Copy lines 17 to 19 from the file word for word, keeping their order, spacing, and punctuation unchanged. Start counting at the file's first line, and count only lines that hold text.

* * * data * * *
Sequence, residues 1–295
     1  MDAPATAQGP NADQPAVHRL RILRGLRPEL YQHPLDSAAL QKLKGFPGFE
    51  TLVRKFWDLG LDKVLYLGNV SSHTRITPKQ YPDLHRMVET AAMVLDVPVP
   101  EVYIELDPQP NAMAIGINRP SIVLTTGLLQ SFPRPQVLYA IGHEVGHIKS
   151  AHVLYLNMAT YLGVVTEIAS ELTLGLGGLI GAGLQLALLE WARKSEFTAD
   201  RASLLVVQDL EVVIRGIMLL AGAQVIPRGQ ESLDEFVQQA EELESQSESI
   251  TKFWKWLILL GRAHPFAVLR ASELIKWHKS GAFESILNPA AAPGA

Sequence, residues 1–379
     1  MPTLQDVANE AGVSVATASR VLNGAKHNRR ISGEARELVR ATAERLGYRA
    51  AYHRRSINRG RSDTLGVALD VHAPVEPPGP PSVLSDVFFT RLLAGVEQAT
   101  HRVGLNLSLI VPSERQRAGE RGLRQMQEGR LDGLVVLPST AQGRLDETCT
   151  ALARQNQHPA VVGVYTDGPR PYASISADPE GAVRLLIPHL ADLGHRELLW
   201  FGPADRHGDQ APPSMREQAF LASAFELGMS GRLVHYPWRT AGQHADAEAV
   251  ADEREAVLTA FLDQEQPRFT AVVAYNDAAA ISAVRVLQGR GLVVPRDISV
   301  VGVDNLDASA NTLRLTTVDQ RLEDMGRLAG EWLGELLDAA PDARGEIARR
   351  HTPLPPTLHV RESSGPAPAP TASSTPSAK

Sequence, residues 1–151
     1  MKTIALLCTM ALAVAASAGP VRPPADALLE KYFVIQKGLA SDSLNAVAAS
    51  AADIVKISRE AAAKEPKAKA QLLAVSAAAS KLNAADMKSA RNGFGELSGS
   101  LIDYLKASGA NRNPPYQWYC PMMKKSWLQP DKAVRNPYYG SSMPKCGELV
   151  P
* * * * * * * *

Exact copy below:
Sequence, residues 1–151
     1  MKTIALLCTM ALAVAASAGP VRPPADALLE KYFVIQKGLA SDSLNAVAAS
    51  AADIVKISRE AAAKEPKAKA QLLAVSAAAS KLNAADMKSA RNGFGELSGS